appear that the arguments of Col- as many for the New Testament, the lins and Tindal are of little weight. number of variations would amount to We grant, that in the numerous manu- thirty thousand." The reason why scripts of the New Testament there are there appears so great disparity bethirty thousand various readingsm-nay, tween the variations of the classic and that since Griesbach's compilation, they Scripture exemplars is evident. Thehave increased to one hundred and fifty editors of the former have not thought thousand : but what does this prove? it necessary to note every blunder made Does it justify Dr. Gregory's assertion, by careless or ignorant scribes; such a that “no profane author has suffered só particularity would be considered as much by the hand of time as the New impertinent, and as unnecessarily inTestament has done?" An accurate creasing the size and cost of the works. investigation of the remains of Greek If the editors be acknowledged as men and Roman literature would have led of integrity and learning, the public him to another conclusion. We deny voice agrees to receive their editions, that the New Testament, although its and hence those not versed in manuseveral manuscripts have been collated scripts imagine that no variations occur with the most rigorous accuracy, al- but what are communicated by the edithough every word, syllable, and letter, tors. In the sacred writings, on the has been weighed with the most scrų- other hand, the variations have been pulous exactness, we deny that it pos- noted with a religious, not to say susesses proportionably as many readings perstitious accuracy. A large number as any other writing of equal antiquity: of manuscripts, the ancient versions, the on the contrary, we affirm that it has Latin Vulgate, the two Syriacs, the no more variations than what must ne. Æthiopic, the Arabic, the Coptic, the cessarily have happened from the na-, Armenian, the Gothic, and the Saxon ture of things--variations which are all the dispersed citations of the Greek , common to all classics whatever. « Te- and Latin fathers in a course of 500 rence," Dr. Bentley remarks," is now. years have been diligently compared, in one of the best conditions of any of and recompared : why then should our the classic writers; the oldest and best surprise be excited, that in these numercopy which approaches nearest to the ous authorities, the differences in Dr. autograph is preserved in the Vatican Mill's time amounted to 30,000, when library; but even that has hundreds of the inost perfect exemplars of profane errors, most of which may be corrected authors of equal size contained as many, from other exemplars that are other. although they had but half the manuwise more recent and of inferior value. scripts, and not a single version. 1, myself, have collated several, and do The difference on the side of the affirm, that I have seen twenty thou- sacred writings will appear much greater sand various lections in that little au- upon a comparison of the poetical thor, not near so large as the whole classics with the New Testament. The New Testament; and, I am morally former, it is evident, were by no means sure, that if half the number of manu- as liable to mistakes as the latter; for scripts were collated for Terence, with unless the scribes were to the last dethat niceness and minuteness, which gree ignorant, the measure of the verse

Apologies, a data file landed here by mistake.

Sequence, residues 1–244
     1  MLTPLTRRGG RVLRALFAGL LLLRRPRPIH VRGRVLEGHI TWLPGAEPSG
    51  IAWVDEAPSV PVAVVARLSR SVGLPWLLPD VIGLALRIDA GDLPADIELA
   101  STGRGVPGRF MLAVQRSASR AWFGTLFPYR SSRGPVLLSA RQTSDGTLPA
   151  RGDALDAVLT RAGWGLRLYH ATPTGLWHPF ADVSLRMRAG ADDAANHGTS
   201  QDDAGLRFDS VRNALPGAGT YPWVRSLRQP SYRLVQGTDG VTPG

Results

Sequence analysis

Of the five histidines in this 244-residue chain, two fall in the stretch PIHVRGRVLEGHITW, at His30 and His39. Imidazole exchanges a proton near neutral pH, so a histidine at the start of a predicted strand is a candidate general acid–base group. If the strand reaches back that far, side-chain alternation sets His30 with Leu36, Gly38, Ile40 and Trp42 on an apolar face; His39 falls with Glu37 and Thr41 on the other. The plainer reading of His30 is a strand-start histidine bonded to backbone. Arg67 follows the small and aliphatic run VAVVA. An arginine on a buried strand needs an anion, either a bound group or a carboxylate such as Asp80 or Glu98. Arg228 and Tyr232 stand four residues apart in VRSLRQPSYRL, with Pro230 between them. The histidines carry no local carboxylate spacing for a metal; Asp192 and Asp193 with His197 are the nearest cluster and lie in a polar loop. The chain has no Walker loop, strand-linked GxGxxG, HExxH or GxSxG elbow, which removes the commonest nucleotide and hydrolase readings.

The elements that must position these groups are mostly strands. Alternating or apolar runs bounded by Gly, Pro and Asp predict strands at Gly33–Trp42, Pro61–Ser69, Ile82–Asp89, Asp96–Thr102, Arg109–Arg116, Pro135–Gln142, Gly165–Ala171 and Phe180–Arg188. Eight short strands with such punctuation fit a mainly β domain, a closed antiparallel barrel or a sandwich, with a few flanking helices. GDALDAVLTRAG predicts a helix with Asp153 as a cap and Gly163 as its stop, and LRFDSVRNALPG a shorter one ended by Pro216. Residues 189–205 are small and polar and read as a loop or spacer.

would have been in some measure a preseveral writers since Collins, have repeated the ventive of corruptions. But in the poeobjection; still the expression in the text, as to tic writers the number of variations is writers of noie, is correct. Leland's Deistical Writers, Letter VII. Whether any of the